• Wed August 29 2007
  • Posted Aug 29, 2007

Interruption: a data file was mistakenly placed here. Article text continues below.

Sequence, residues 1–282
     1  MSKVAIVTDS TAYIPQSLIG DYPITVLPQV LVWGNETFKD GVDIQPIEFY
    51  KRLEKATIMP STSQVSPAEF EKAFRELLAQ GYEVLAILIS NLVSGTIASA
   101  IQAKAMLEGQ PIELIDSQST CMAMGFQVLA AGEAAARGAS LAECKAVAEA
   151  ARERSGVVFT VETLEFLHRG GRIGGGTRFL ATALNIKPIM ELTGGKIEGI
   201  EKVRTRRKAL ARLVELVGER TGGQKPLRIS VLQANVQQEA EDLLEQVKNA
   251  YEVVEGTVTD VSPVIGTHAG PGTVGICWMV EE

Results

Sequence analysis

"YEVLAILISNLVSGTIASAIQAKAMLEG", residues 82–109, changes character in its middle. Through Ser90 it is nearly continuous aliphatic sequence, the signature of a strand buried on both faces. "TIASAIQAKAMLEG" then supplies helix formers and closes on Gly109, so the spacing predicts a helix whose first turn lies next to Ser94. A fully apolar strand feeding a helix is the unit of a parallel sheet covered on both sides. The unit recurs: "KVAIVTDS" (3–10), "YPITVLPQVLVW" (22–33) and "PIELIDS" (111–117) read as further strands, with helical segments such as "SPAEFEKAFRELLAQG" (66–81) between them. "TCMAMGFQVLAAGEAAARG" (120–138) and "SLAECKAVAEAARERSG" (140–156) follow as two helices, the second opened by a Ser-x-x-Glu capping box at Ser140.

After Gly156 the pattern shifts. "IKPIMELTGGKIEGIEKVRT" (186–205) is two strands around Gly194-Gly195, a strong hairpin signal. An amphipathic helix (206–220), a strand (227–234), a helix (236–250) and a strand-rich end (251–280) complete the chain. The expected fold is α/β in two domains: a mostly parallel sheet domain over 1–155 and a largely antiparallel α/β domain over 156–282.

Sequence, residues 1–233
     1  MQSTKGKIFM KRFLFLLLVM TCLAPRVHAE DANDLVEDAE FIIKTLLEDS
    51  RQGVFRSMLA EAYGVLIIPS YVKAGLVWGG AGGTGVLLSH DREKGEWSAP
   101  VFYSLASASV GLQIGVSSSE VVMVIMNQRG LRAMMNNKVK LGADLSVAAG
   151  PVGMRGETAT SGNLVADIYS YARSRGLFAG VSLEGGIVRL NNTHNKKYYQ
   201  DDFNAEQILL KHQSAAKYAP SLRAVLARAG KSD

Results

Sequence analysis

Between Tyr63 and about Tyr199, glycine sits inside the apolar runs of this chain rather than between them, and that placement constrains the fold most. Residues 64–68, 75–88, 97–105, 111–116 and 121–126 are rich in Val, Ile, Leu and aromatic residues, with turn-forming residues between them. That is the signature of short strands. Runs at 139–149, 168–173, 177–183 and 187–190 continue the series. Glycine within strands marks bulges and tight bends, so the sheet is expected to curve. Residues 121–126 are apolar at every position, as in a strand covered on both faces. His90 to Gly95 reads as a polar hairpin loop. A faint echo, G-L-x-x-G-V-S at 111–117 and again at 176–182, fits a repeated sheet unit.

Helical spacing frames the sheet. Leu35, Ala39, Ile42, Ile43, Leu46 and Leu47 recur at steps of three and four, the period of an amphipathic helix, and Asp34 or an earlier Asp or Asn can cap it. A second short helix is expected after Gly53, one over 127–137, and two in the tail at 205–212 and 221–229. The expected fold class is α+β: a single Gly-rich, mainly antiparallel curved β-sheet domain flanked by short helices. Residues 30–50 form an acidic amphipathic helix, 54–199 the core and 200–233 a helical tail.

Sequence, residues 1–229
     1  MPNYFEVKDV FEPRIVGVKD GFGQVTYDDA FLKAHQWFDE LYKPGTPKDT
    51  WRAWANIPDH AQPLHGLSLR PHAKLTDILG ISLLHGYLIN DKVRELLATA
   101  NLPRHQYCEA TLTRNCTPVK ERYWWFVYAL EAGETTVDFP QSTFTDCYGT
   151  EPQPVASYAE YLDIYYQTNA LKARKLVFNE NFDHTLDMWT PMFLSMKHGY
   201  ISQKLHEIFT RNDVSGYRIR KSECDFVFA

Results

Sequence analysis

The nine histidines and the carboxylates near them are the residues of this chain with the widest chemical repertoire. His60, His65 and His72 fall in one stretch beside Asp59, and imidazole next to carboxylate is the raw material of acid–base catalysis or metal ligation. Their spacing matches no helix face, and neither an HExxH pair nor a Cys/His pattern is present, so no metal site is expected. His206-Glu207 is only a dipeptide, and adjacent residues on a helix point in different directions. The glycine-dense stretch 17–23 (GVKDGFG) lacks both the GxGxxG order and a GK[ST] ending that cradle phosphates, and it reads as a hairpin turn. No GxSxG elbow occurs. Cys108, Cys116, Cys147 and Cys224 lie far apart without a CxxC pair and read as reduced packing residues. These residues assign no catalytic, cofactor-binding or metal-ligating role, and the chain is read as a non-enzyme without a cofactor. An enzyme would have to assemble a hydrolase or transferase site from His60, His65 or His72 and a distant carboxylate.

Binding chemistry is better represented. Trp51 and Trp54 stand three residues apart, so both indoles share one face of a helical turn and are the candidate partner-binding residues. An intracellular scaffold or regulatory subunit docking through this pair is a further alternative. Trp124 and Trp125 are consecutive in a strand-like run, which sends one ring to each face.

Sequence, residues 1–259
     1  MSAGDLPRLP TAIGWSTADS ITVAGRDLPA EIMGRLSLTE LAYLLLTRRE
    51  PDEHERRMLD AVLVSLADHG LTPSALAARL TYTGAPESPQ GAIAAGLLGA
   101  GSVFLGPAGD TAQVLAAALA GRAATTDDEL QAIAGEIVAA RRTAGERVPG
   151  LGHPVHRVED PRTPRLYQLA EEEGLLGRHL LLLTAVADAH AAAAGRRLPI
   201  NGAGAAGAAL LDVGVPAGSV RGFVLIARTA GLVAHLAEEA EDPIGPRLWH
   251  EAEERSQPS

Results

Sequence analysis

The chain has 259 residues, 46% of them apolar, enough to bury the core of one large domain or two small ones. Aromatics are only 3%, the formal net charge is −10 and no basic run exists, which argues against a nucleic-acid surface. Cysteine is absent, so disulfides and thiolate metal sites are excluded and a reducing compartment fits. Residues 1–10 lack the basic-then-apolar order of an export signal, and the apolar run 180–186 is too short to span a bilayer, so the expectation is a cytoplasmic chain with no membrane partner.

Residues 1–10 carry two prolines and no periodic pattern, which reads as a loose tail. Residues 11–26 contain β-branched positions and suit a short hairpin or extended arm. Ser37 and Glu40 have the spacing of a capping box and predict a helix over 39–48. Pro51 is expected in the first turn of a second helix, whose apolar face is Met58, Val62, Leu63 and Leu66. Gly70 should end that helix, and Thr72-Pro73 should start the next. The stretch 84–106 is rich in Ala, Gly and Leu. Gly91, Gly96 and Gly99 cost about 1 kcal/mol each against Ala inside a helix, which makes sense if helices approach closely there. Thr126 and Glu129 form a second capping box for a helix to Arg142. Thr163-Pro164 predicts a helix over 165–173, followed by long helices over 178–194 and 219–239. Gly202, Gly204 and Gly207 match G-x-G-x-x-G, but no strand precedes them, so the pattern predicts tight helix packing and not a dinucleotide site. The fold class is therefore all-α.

Regional economic development leaders envision a network of recreational trails stretching along the Missouri River, offering a variety of activities and drawing tourists. A master plan is still a year away, but local officials already are excited about the possibility of linking trails and communities from South Sioux City to Pickstown, S.D. "Anytime you can tie communities together, it's beneficial," said Barbara Sloniker, Siouxland Chamber of Commerce vice president of government relations and transportation. Last week, the chamber's transportation committee met with Mary Hanson, an outdoor recreation planner from the National Park Service office in Omaha. The Park Service, through its Rivers, Trails and Conservation Assistance division, is helping planners compile a list of existing trails. After a master plan is completed, the Park Service will provide information to local entities interested in developing new or existing trails. "We're looking at how can we provide recreational activities, namely trails, throughout this region," Hanson said. "Is there a way that eventually we can create some links?" Many cities along the 60- to 70-mile stretch of river designated as the Missouri National Recreational River currently have trails. By linking them with signs and maps, visitors to, say, Lewis and Clark Lake near Yankton, S.D., could quickly find a nearby bicycling route or a place to drop their canoes into the water. "We're not just looking one-dimensional here," said Greg Henderson, director of Planning & Development District III, a regional planning agency in Yankton. The master plan might not suggest a single trail running the length of the river. Instead, it could feature all the trail activities available in the region, Henderson said. Communities seeking grant money to build or enhance trails can improve their chances of securing funding by showing their project is part of a larger network. After the master plan is completed, it would be up to individual communities and groups to develop plans for new trails, and most of the funding would be up to each community. Henderson's office and the National Park Service would help provide guidance for trail design. Changes won't happen overnight, Henderson said, but an active plan could lead to trail development. "We might be talking a 20-year process here," he said. Nick Hytrek can be reached at 712-293-4226 or To learn more about the Missouri River Corridor and regional trail planning, visit the Planning & Development District III Web site at

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